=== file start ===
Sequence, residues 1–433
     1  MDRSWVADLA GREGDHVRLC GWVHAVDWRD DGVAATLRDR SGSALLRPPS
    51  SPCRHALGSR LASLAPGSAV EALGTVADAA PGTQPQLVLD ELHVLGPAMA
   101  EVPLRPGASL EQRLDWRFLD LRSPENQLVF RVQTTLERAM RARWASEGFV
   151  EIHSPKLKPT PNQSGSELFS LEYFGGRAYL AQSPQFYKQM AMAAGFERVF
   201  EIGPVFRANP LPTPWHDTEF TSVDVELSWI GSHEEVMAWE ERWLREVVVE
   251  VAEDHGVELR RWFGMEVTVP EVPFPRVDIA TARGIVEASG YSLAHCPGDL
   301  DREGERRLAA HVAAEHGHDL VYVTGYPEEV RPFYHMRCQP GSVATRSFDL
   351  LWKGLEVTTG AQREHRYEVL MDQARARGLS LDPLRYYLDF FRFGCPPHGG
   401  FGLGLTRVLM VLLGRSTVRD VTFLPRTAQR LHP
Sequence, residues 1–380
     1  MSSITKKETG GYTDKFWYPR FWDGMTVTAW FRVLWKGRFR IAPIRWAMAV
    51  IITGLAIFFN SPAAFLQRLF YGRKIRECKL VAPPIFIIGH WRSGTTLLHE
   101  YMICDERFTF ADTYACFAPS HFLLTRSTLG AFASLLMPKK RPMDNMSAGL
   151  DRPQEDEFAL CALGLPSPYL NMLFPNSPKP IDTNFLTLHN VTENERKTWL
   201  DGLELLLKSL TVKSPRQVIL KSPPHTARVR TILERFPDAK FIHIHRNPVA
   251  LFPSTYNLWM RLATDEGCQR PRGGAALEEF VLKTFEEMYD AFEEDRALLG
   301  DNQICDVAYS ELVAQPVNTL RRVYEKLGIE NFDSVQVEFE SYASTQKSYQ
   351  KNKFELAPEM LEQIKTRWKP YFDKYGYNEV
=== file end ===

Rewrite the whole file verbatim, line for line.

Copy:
Sequence, residues 1–433
     1  MDRSWVADLA GREGDHVRLC GWVHAVDWRD DGVAATLRDR SGSALLRPPS
    51  SPCRHALGSR LASLAPGSAV EALGTVADAA PGTQPQLVLD ELHVLGPAMA
   101  EVPLRPGASL EQRLDWRFLD LRSPENQLVF RVQTTLERAM RARWASEGFV
   151  EIHSPKLKPT PNQSGSELFS LEYFGGRAYL AQSPQFYKQM AMAAGFERVF
   201  EIGPVFRANP LPTPWHDTEF TSVDVELSWI GSHEEVMAWE ERWLREVVVE
   251  VAEDHGVELR RWFGMEVTVP EVPFPRVDIA TARGIVEASG YSLAHCPGDL
   301  DREGERRLAA HVAAEHGHDL VYVTGYPEEV RPFYHMRCQP GSVATRSFDL
   351  LWKGLEVTTG AQREHRYEVL MDQARARGLS LDPLRYYLDF FRFGCPPHGG
   401  FGLGLTRVLM VLLGRSTVRD VTFLPRTAQR LHP
Sequence, residues 1–380
     1  MSSITKKETG GYTDKFWYPR FWDGMTVTAW FRVLWKGRFR IAPIRWAMAV
    51  IITGLAIFFN SPAAFLQRLF YGRKIRECKL VAPPIFIIGH WRSGTTLLHE
   101  YMICDERFTF ADTYACFAPS HFLLTRSTLG AFASLLMPKK RPMDNMSAGL
   151  DRPQEDEFAL CALGLPSPYL NMLFPNSPKP IDTNFLTLHN VTENERKTWL
   201  DGLELLLKSL TVKSPRQVIL KSPPHTARVR TILERFPDAK FIHIHRNPVA
   251  LFPSTYNLWM RLATDEGCQR PRGGAALEEF VLKTFEEMYD AFEEDRALLG
   301  DNQICDVAYS ELVAQPVNTL RRVYEKLGIE NFDSVQVEFE SYASTQKSYQ
   351  KNKFELAPEM LEQIKTRWKP YFDKYGYNEV